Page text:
Healthy Living

Yoga For Weight Loss: Here’s What Experts Found

Despite individual exercise preferences, weight loss always results from expending more energy than the calories consumed, thereby creating a caloric deficit. Whether the exercise done lasts for one hour or 20 minutes, it does not make a difference as long as the calories burned are more than the intake. 

If yoga is practiced while simultaneously maintaining a balanced diet, it can create a similar caloric deficit within the body, according to an article published on written by the wellness editor, Ray Bass, also a certified personal trainer by National Academy of Sports Medicine (NASM). 

People assume that yoga might not have the “afterburn effect’’ produced by high-intensity interval training (HIIT) and strength training. It refers to a state when calories are still being burned throughout the day after completing the exercise. However, the intensity can be modified and adapted according to people’s needs. 

Some forms of yoga are more physically challenging than others since they all require different amounts of strength and flexibility. Of which, Bass said in her piece that the following three types of yoga are known best to help burn calories. They are as mentioned below. 

Ashtanga Yoga -Though not many calories are burned, the ashtanga targets the full body and can be practiced for up to an hour. It helps sculpt the body and shape it to look slimmer, along with significant change in muscle tone if practiced regularly.  Eventually, ashtanga yoga gives the impression of weight loss without tremendous loss in calories.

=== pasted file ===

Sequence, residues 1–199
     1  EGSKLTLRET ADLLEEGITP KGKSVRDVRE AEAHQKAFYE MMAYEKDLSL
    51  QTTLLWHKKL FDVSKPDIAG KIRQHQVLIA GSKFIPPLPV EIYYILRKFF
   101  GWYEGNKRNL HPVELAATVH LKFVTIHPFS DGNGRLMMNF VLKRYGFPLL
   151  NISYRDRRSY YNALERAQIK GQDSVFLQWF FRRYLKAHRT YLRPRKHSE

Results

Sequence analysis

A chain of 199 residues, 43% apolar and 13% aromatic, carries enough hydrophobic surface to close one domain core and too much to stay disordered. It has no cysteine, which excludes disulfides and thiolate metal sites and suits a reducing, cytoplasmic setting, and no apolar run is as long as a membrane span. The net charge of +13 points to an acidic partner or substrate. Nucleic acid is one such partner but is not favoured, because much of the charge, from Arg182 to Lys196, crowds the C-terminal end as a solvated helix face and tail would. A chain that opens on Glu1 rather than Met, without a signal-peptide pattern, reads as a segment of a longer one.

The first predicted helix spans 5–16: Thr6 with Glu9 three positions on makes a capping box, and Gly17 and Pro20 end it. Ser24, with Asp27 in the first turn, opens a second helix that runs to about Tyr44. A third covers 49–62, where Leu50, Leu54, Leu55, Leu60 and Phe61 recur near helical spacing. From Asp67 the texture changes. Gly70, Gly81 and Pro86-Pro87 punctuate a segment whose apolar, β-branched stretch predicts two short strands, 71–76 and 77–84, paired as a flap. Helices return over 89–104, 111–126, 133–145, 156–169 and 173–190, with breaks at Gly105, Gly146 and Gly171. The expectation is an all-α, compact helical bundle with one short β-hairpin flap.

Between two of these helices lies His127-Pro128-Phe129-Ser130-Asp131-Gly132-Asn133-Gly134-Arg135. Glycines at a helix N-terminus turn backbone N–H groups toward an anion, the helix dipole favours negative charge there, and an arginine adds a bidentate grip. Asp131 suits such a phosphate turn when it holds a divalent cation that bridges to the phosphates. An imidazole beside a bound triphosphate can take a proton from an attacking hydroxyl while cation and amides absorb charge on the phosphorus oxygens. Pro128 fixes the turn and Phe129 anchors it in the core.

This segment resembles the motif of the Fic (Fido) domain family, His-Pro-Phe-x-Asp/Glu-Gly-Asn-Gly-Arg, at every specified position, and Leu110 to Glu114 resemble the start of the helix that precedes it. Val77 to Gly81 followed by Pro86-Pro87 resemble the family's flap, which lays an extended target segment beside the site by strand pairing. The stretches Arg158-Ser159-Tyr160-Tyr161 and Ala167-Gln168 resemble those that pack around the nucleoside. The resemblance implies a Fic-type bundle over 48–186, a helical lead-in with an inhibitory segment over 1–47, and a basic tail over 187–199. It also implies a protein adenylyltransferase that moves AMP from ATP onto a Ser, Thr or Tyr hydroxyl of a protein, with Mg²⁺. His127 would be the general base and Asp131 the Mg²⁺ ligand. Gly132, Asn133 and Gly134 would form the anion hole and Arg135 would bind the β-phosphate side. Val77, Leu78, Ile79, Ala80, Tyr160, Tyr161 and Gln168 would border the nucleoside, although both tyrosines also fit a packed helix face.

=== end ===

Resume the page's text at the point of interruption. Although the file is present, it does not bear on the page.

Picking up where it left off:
Bikram Yoga - Also called hot yoga, it  requires that you do 26 poses in one session at a temperature between 95 to 108 Fahrenheit. One session itself can make people burn from 600 to 1,500 calories since the sweat leads to intense detoxification. 

Vinyasa Yoga - Due to its various movements and poses similar to push ups and lunges, vinyasa yoga moves all the different sets of muscles, building core strength. It helps meet the weekly recommendation of 150 to 300 minutes of minimal strength training, which in turn results in lean muscles.  

Doing yoga in a disciplined fashion for at least five times a week, like one would with any other form of exercise, could aid weight loss goals. Bass also said in her piece that yoga, which involves a lot of respiratory action and breathing exercises, brings down stress level. The management of stress is crucial to be able to concentrate on weight loss and focus on the right food habits. 

In the past, renowned fitness instructor, Leigh Crews, told livescience that increasing physical activity is the first step that one can take towards losing weight. Her advice is similar to Bass’. Choosing the right yoga style to alter your body and mind could go a long way. She recommended the vigorous and flowing styles such as Ashtanga, Vinyasa and hot yoga.

The 90 minute long classes also serve as weight bearing exercises to improve bone strength. The underlying benefit, she added, was that yoga could make you more mindful of your body and food choices. Self-awareness developed can prevent people from indulging in food when emotional, practice restraint and adopt good eating habits. 

Woman doing yoga Ashtanga, Vinyasa and Power Yoga are three rigorous forms of yoga that aid weight loss, if practiced along with a balanced diet. Photo courtesy of Pexels, Public Domain